SAY AND TELL

Meaning:

Say and tell both have the same meaning and are also both used with direct and indirect speech. With the direct speech – say is more common than tell.
Please see examples below:
“Turn left”, I said. Or - Turn left, I told him.
He said that it was my last dance. Or – He told me that it was my last dance.

Note:

We only use tell to instruct or inform. So we do not use tell with greetings, exclamations or questions.
Please see examples below:
He said, “Good day”. But not – He told them “Good day”.
John said, “What a nice surprise.” But not – John told us “What a nice surprise.”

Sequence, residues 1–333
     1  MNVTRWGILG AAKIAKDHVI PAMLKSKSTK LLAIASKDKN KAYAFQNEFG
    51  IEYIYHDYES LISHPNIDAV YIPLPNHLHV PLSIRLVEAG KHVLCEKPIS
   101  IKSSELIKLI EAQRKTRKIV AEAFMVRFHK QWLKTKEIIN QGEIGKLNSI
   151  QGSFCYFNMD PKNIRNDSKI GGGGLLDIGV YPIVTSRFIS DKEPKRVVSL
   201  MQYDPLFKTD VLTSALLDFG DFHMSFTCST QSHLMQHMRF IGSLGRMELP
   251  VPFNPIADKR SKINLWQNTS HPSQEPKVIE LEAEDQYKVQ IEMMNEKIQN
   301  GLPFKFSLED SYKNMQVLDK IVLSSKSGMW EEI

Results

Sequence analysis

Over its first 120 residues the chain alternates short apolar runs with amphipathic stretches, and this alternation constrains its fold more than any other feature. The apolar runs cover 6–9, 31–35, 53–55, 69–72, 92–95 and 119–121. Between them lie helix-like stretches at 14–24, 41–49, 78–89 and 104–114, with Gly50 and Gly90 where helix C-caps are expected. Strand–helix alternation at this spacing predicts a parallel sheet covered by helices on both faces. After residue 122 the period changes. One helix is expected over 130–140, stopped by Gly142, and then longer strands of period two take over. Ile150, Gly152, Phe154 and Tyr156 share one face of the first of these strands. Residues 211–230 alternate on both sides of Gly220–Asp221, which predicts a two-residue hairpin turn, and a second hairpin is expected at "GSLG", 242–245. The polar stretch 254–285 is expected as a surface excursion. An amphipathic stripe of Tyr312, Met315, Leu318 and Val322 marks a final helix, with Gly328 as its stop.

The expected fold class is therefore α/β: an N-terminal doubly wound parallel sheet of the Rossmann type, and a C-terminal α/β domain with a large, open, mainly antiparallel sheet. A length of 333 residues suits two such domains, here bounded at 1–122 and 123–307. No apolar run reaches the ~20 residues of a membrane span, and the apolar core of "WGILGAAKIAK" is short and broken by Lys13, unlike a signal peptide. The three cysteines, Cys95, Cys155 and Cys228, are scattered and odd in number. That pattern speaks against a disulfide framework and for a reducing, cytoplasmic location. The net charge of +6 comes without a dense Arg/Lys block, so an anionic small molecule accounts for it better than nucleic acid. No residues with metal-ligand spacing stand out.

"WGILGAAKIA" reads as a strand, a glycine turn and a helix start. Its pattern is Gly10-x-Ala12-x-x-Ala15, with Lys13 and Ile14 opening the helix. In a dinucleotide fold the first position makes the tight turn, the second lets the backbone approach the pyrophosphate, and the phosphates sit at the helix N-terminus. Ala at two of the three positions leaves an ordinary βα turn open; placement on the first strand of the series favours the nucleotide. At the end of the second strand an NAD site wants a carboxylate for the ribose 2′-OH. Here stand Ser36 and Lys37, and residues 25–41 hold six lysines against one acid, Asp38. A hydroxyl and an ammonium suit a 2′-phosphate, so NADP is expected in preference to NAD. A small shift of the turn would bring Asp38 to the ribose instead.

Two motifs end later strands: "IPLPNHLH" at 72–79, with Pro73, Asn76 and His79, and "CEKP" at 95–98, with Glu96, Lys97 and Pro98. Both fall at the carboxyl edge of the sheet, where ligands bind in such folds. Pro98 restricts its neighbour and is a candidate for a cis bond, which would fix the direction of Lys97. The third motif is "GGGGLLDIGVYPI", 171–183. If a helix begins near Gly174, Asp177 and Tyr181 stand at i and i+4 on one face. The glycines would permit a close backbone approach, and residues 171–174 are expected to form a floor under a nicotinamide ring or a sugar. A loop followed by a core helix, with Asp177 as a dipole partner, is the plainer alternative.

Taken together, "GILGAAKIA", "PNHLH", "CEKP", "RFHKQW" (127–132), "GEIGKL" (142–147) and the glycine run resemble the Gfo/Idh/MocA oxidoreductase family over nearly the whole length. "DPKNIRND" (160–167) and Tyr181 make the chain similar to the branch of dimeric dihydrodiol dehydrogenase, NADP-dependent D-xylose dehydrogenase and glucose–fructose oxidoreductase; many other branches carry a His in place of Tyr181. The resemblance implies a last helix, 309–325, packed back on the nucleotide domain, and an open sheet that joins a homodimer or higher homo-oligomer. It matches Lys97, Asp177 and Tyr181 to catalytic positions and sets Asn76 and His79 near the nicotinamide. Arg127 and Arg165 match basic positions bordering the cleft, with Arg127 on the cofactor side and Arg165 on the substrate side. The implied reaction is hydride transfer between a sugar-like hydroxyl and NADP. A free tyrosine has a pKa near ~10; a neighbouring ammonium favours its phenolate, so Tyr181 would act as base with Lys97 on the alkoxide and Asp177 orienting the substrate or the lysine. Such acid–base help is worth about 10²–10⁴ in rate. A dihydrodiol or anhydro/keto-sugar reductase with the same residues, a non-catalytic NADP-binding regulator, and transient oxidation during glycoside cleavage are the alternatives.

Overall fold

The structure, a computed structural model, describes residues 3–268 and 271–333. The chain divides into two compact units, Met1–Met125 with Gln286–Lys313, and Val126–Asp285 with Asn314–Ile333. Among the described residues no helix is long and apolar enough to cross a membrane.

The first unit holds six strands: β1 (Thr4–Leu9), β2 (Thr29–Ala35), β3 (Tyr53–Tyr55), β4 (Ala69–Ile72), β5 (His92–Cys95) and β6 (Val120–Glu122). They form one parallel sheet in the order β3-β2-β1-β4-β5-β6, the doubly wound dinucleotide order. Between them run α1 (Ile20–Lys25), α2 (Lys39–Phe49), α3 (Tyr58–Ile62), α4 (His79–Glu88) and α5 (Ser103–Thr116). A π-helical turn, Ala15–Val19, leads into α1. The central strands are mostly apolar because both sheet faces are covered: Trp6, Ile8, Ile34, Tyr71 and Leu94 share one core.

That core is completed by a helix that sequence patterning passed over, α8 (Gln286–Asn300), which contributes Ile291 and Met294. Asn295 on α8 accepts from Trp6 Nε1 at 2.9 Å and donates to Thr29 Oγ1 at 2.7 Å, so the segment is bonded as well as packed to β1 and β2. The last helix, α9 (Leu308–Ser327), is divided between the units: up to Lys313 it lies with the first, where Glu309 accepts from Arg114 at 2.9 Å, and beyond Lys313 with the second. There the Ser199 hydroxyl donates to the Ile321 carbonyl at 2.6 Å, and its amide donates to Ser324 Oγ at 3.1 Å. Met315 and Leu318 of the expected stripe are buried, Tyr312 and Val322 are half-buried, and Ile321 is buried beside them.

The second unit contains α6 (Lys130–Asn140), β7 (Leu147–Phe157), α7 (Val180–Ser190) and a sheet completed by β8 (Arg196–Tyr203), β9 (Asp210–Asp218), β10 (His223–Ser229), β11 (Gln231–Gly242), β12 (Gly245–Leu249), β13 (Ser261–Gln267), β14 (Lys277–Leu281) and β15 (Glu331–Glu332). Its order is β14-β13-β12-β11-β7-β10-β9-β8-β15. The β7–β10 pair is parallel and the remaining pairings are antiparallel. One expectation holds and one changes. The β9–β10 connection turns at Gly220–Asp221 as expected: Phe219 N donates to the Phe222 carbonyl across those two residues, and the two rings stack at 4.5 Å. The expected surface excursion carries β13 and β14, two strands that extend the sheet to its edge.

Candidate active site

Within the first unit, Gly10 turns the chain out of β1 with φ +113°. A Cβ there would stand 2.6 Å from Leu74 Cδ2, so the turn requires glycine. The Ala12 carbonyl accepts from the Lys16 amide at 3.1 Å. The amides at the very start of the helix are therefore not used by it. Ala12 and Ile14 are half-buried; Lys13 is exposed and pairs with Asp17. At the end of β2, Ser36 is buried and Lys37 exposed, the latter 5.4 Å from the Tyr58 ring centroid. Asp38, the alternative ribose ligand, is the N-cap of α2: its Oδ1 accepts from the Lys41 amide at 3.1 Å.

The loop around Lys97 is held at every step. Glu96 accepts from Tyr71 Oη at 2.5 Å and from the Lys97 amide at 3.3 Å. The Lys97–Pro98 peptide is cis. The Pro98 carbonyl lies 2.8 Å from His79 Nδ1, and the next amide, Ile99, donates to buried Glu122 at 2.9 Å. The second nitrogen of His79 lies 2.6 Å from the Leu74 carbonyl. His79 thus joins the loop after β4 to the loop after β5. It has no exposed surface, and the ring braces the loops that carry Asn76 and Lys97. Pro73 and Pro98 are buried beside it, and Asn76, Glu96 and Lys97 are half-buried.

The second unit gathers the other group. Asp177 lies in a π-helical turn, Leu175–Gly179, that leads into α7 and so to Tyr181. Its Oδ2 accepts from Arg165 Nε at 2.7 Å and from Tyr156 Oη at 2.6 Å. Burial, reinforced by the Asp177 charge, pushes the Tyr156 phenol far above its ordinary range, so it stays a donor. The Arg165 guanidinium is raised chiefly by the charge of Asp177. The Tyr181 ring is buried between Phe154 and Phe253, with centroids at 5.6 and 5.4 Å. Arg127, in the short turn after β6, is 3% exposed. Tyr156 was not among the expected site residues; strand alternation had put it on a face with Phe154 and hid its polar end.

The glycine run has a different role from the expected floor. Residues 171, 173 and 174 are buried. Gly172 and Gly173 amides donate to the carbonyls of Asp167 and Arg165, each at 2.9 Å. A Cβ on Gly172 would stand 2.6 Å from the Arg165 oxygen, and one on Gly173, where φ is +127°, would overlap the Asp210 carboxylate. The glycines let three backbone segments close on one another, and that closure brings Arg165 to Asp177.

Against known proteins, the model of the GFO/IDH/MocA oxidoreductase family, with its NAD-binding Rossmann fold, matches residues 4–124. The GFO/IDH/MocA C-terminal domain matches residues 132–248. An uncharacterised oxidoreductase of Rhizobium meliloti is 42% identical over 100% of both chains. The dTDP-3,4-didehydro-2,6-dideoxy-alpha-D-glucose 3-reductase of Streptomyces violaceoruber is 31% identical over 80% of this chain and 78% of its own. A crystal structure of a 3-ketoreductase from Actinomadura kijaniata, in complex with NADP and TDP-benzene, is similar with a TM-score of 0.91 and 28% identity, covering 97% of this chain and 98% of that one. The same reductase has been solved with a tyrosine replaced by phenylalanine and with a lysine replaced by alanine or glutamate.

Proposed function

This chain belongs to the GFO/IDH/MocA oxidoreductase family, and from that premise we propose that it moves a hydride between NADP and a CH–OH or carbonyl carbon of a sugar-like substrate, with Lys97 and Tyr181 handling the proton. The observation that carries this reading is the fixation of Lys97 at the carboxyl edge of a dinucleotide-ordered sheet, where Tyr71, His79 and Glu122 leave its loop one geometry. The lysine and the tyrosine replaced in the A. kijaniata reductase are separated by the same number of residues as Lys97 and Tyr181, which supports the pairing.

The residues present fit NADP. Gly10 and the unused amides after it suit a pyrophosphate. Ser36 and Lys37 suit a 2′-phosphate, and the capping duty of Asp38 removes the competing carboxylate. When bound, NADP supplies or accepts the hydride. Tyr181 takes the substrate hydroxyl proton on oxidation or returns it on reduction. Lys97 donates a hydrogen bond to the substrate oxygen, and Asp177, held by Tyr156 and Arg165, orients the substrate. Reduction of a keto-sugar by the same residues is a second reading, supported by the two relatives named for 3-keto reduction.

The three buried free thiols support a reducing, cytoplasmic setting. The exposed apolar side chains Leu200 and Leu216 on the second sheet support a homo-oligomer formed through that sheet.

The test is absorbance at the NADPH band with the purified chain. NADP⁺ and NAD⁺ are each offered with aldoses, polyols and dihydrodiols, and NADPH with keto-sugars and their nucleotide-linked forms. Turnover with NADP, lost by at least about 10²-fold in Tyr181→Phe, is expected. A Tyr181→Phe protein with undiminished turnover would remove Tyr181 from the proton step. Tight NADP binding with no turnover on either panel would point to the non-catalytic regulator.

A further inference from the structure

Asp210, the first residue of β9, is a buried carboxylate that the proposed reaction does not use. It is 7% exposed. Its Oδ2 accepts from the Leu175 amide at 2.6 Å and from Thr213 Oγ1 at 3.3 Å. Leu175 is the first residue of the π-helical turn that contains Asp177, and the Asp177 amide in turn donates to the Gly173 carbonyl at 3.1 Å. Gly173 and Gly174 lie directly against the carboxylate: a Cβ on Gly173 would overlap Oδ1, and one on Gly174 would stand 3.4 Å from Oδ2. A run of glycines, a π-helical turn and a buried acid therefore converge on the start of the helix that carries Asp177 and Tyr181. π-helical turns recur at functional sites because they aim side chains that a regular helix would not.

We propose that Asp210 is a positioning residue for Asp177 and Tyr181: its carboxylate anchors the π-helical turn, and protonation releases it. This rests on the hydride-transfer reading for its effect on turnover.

Often, say is used without personal objects.

For example: He said that she would be absent. Not – She said to me that she would be absent.
We use “to” if we want to put a personal object after say.
For example: And I say to all the mankind in this world…

We usually say who is told after tell.

For example: He told me that he would be absent. Not – He told that he would be absent.
In a few expressions, tell is used without a personal object. Some common examples are: tell a story/joke; tell the truth; tell a lie
For example: I don’t think she is telling a lie. Not – Saying a lie…
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